The Suffering of Jesus

resurrection morning

It was just after Jesus had raised Lazarus from the grave.  People were excited.  Certainly this man was the Messiah who would restore Israel.

The Pharisee’s were angry and fearful that Jesus might cause a rebellion in which the Romans would flatten them.  They decided that Jesus must die and on that day He became public enemy number one.  He had to hide out for a few days.  If He was going to die, He would be the one to orchestrate that whole narrative, not the Pharisees.  Six days before the Passover, Jesus comes back to Bethany to have a last Sabbath dinner with His good friends, Martha, Mary and Lazarus.  The “cat was out of the bag”.  People flocked to Bethany to see Jesus & also Lazarus who was giving testimony about his coming back from the grave.

     The next day, the 1st day of the week (Sunday), the day we refer to as the triumphal entry, Jesus, the “outlaw”, came out and openly entered Jerusalem with a crowd of Jubilant Israelites welcoming their King.

“Hosanna! BLESSED IS HE WHO COMES IN THE NAME OF THE LORD, even the King of Israel.” (John 12:13) They were convinced that Jesus was about to re-establish the Davidic Kingdom and remove the Roman domination.

(That great welcome would swing 180 degrees a few days later when Jesus didn’t deliver what they wanted)  The Pharisees were powerless to stop Him, he was much too popular on that Sunday.

John records the events of the next few days, but strangely “omits” what took place on Wednesday.  Sometime on Tuesday Jesus says

John 12:27,28

27     “Now My soul has become troubled;

and what shall I say, ‘Father, save Me from this hour’?

But for this purpose I came to this hour.

28     “Father, glorify Your name.” Then a voice came out of heaven:

“I have both glorified it, and will glorify it again.”

Soon it is Passover night, the moon is full.  Jesus celebrates His last earthly Seder with His disciples.  Afterwards, they cross the brook Kidron and head up to the Mount of Olives where Jesus would spend His final free hours in prayer and in agony.  He had prayed here many times before, but we often don’t hear the content of His prayers.  Luke 22:39-44 tells us that He was in so much agony that his sweat “became like drops of blood” Modern medicine surmises that under extreme conditions of duress, capillaries in the head burst forth drops of blood literally pouring out of the skin like perspiration.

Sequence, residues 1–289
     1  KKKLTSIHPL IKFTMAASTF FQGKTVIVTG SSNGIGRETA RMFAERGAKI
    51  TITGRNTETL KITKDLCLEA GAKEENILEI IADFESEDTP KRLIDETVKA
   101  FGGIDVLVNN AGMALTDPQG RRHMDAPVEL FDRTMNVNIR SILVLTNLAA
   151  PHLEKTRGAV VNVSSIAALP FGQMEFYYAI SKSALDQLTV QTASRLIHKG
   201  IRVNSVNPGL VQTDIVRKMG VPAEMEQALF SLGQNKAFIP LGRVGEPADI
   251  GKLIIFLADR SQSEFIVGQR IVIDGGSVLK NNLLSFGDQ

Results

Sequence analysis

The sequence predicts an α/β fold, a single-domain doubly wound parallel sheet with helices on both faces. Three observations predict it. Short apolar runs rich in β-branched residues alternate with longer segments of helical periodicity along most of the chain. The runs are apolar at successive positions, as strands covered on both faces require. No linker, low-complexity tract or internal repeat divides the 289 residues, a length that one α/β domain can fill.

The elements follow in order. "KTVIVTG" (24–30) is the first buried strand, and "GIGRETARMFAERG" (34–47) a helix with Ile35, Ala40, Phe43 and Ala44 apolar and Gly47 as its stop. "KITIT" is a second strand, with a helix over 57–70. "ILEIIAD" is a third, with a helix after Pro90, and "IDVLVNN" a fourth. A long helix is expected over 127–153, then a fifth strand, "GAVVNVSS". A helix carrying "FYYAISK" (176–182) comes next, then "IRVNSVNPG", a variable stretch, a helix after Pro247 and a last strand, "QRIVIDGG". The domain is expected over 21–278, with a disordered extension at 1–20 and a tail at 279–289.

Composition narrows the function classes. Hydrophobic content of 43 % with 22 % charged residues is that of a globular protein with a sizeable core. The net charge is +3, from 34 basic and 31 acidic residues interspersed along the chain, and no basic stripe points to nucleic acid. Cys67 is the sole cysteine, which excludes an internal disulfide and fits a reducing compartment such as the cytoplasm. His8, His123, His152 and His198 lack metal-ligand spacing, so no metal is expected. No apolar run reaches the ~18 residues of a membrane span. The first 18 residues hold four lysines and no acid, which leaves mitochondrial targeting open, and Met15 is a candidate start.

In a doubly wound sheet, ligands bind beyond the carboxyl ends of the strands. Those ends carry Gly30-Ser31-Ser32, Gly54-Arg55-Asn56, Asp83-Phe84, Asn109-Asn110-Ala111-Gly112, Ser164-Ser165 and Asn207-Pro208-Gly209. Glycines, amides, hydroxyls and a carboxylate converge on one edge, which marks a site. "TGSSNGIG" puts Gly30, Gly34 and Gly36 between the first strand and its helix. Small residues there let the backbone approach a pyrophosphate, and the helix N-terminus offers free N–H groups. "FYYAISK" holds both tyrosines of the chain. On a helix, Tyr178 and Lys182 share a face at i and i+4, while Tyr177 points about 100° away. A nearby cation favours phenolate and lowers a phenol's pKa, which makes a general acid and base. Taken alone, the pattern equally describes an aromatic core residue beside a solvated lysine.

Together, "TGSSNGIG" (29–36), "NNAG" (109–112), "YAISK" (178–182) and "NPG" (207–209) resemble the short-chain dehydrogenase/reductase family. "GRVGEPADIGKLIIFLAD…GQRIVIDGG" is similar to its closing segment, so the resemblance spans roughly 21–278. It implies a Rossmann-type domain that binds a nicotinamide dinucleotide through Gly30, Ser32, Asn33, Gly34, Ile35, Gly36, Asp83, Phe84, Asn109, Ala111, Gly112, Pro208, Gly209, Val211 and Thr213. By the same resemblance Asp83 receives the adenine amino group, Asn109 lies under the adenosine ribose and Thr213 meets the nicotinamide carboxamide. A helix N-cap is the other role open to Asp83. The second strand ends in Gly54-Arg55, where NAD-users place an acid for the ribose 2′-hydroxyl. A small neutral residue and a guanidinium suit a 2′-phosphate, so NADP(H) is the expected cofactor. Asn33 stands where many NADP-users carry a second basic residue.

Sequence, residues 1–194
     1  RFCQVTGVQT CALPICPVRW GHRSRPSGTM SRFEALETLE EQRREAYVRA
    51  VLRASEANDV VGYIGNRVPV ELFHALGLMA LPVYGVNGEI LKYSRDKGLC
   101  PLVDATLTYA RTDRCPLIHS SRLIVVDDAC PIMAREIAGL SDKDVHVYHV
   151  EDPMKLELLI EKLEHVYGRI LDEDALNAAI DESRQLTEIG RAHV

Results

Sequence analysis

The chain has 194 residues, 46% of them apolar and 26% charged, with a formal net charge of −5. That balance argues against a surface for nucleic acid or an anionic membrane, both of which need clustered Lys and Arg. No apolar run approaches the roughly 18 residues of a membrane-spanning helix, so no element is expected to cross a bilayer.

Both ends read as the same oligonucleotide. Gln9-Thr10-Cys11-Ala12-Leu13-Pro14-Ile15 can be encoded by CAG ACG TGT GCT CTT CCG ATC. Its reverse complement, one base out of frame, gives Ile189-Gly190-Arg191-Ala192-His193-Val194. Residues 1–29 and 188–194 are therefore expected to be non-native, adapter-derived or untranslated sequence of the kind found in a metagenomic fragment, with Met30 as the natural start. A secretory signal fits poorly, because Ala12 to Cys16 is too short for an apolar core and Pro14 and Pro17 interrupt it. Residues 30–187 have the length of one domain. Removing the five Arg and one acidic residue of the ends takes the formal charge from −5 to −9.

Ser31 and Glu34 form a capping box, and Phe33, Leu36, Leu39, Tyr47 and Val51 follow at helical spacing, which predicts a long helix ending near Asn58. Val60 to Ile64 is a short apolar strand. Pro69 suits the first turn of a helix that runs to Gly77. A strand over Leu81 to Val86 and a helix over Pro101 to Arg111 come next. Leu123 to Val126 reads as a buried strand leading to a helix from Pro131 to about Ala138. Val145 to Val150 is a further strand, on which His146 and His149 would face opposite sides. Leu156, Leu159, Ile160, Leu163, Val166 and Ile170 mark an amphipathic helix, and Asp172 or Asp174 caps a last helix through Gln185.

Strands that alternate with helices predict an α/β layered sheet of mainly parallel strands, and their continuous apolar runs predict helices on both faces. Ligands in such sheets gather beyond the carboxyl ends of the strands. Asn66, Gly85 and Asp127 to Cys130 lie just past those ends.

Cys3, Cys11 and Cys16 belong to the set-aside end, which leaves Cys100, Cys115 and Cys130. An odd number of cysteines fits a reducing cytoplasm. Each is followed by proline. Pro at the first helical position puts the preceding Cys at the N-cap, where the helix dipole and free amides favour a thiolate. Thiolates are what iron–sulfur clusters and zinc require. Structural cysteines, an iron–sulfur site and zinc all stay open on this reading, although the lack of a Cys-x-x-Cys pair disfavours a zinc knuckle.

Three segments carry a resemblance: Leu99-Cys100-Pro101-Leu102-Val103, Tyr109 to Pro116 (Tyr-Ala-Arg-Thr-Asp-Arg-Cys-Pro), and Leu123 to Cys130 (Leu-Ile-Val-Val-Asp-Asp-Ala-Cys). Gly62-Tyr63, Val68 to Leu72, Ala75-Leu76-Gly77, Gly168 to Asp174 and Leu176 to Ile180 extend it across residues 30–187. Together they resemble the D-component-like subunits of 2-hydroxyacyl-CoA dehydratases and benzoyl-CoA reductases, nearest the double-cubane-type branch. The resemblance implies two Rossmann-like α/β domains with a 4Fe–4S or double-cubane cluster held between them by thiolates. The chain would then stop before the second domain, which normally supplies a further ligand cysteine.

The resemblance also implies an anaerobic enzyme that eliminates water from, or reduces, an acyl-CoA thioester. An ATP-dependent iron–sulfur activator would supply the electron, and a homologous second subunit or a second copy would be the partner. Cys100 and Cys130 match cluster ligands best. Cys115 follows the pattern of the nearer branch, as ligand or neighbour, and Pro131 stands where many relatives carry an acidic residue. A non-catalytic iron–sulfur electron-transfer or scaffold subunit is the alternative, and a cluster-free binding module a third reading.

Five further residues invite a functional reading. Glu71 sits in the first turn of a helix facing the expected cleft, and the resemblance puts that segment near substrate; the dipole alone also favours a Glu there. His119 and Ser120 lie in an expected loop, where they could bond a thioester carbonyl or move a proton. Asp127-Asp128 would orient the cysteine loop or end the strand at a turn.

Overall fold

It was while being in this state of agony, thinking forward to the excruciating pain (literally “out of the cross pain”) that was waiting for Him that He was praying so fervently.

What was so agonizing for Jesus?  The pain that He was about to undergo?  The disciples asleep and soon to be forsaking Him?  Maybe He was focusing on the sin of the entire world (from the beginning of creation to the end of time).  He was about to pay the ultimate price for all of that sin.

Our sin would be placed on Him, so that we might receive His Glory.

     Whatever the reason for His agony, we see that Jesus who is fully God,

is at the same time fully man.  Here, His humanity is on full display.

In Matthew 26:38-39 we see more of His nightmare into which He is freely walking. He didn’t have to do this. It was the Father’s will, but it was His choice.

“I am deeply grieved, to the point of death.

Then he prays to God, if it is possible, let this cup pass from Me;

yet not as I will, but your will be done”

Pause to reflect on Jesus suffering and how he handled it.  His suffering was not pointless nor was it needless.  Neither is ours.  Each of us has our own “Via Dolorosa” (the way of suffering).  And just as Jesus was the Son of God, we too are His children (though obviously not like Jesus, the 2nd person of the Divine Trinity).  But none the less, we are God’s family.   He does not cause our suffering.  That is the business of the evil one.  But when He does allow us to suffer you can be sure that it is not needless or pointless.

As author Kim Reisman has noted, “The truth is that the Jesus way isn’t about God taking pain away from God’s people; it’s about God providing us with strength, courage, and meaning, with abundant life, often in the midst of pain.”(1)

         In American culture there is a different perspective on suffering. In our pursuit of happiness and pleasure, it should never happen.

When it comes we are quick to categorize it as an accident, just a bit of bad luck.  It could have happened to anyone, but unfortunately for you, your number came up.  It is simply the order of nature.  There is no rhyme or reason to it.  Richard Dawkins and his ilk tell us that life is empty, pointless, futile, a desert of meaninglessness and insignificance.  Just like the rest of the world, (“red in tooth and claw”), our suffering is a part of the evolutionary process.  Tough luck, too bad, so sad!

         Thank God for Jesus Christ!  He tells us and shows us that suffering can and does have purpose and meaning.  Ultimately God is on the Throne and He will have the last word.  In the end, Jesus is resurrected to sit at the right hand of God. But His suffering and death, far from meaningless, provides our way out of sin and death.  He reunites us (the prodigals) with the Father.  He walked the Via Dolorosa, and so must we take up our cross.

I wonder what the purpose and plan for our pain might be.

Surely God knows, and that is enough.

         Coram Deo – Pastor Mike

(1) Kimberly Dunnam Reisman, Following At a Distance

(Nashville: Abingdon Press, 2005), 75